# Line Integral - Work Done

## Homework Statement

A curve is formed by the intersection of y^2/9 + z^2/4 = 1 and the plane x-2y-3z = 0. The particle moving along the curve goes from (6,0,2) to (-6,0,-2). Find the work done on it by the vector field F(x,y,z) = -yi + xj + yzk.

## Homework Equations

I'm going to need to find the integral of F dr which is actually going to be the integral of Fr(t) dot with r'(t) dt.

## The Attempt at a Solution

I just need to set the integral up correctly, because I'm going to be letting the computer do the integration. So...

My main stumping point is coming up with the correct parameterization for r(t). In order to find a curve formed by the intersection, I used 3costj + 2sintk and then, for my i component, I noted that the plane equation gave me x = 2y + 3z. I then stuck in the y and z components I had (3cost and 2 sint, respectively) and came up with this curve: (6cost+6sint)i + 3costj + 2sintk. That's where I come to an abrupt stop...because I need r(t) going from (6,0,2) to (-6,0,-2), and I'm not quite sure how to do this. More than likely simple, but I'm stumped.

I know that once I get an r(t), I need to stick it into my function F, and then dot itself with the derivative of r(t). I don't think that will be that difficult, especially if I can simplify some (for instance, I see I could simplify the i component of my hpothetical curve to 6(cost+sint)i.

Any assistance would be much appreciated!

HallsofIvy
Homework Helper

## Homework Statement

A curve is formed by the intersection of y^2/9 + z^2/4 = 1 and the plane x-2y-3z = 0. The particle moving along the curve goes from (6,0,2) to (-6,0,-2). Find the work done on it by the vector field F(x,y,z) = -yi + xj + yzk.

## Homework Equations

I'm going to need to find the integral of F dr which is actually going to be the integral of Fr(t) dot with r'(t) dt.

## The Attempt at a Solution

I just need to set the integral up correctly, because I'm going to be letting the computer do the integration. So...

My main stumping point is coming up with the correct parameterization for r(t). In order to find a curve formed by the intersection, I used 3costj + 2sintk and then, for my i component, I noted that the plane equation gave me x = 2y + 3z. I then stuck in the y and z components I had (3cost and 2 sint, respectively) and came up with this curve: (6cost+6sint)i + 3costj + 2sintk.
Good! That's exactly right.

That's where I come to an abrupt stop...because I need r(t) going from (6,0,2) to (-6,0,-2), and I'm not quite sure how to do this. More than likely simple, but I'm stumped.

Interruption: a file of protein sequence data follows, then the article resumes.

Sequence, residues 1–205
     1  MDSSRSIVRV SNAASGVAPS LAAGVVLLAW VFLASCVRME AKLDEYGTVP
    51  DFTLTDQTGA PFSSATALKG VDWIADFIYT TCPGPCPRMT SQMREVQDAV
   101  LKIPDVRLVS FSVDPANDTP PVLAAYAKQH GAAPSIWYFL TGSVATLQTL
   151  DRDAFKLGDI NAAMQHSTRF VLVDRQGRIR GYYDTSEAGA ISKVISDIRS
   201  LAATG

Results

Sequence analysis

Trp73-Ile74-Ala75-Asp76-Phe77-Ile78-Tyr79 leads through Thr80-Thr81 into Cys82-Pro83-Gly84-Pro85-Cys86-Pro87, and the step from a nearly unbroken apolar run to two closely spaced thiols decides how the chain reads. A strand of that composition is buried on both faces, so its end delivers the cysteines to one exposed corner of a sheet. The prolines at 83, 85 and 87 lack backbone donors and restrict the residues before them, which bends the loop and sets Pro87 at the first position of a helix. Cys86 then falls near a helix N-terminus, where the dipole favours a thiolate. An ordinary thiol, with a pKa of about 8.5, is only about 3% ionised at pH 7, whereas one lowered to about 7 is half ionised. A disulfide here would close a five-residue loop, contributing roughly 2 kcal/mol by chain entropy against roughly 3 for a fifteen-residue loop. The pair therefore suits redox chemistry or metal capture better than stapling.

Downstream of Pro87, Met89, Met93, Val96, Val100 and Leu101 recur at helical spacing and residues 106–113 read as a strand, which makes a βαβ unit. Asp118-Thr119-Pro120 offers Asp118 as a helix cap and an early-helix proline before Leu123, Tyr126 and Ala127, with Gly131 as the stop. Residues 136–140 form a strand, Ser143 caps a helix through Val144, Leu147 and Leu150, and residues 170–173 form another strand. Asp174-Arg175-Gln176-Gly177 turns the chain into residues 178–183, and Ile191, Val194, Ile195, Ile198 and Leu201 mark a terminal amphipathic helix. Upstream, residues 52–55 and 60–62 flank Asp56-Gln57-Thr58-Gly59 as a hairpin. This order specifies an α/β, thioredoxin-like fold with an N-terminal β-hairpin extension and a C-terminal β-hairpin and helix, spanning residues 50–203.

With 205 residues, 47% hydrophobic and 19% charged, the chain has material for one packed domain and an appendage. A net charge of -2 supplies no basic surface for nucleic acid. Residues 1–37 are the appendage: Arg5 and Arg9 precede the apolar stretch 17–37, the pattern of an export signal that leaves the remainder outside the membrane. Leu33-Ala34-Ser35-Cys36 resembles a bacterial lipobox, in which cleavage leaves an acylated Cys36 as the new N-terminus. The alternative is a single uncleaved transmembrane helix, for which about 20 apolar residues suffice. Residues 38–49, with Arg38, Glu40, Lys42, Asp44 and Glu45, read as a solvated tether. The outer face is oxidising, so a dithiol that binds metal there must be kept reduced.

So you need t so that x= 6 cos t+ 6 sin t= 6, y= 3 cos t= 0, and z= 2 sin t= 2. Hmm, that last equation is the same as sin t= 1 and certainly $t= \pi/2$ satisfies that. $3 cos(\pi/2)= 3(0)= 0$, and it follow from that that $6 cos(\pi/2)+ 6 sin(\pi/2)= 6(0)+ 6(1)= 6$. Your integral will have lower limit $\pi/2$.
For the upper limit you want x= 6 cos t+ 6 sin t= -6, y= 3 cos t= 0, and z= 2 sin t= -2. I'll leave it to you to figure out what t is here. Be careful about the DIRECTION in which you go between the two points on this closed curve.

I know that once I get an r(t), I need to stick it into my function F, and then dot itself with the derivative of r(t). I don't think that will be that difficult, especially if I can simplify some (for instance, I see I could simplify the i component of my hpothetical curve to 6(cost+sint)i.

Any assistance would be much appreciated!

Thank you very much for the help! That really helps me out, and I appreciate it.

Here's what I've done....

For the lower limit, I noticed that z = sint = -1 is satisfied by 3 pie / 2. It follows then that this also satisfies y = 3cost = 0 and x = 6cost + 6sint = -6. Thus I believe my lower limit will be 3 pie / 2.

I proceeded to find the derivative of r(t) and found that r'(t) = (-6sint + 6cost)i -3costj + 2costk. I also found F(r(t)) by sticking the components of r(t) into those of F. I found that F(r(t)) is 3costi + (-6sint+6cost)j - 6cos^2tk.

My integral will take the dot product of F(r(t)) and r'(t). Lots of stuff cancels! I wound up with -18costsint + 18cos^2t + 18costsint - 18cos^2t - 12cos^3t. I'm left with -12cos^3t if I did my math correctly.

My integral is going in the clockwise direction instead of the counterclockwise, so I will place a negative in front of it. I believe my answer is thus the negative integral from 3pie/2 to pie/2 of -12cos^3t dt.

Am I on the right track here?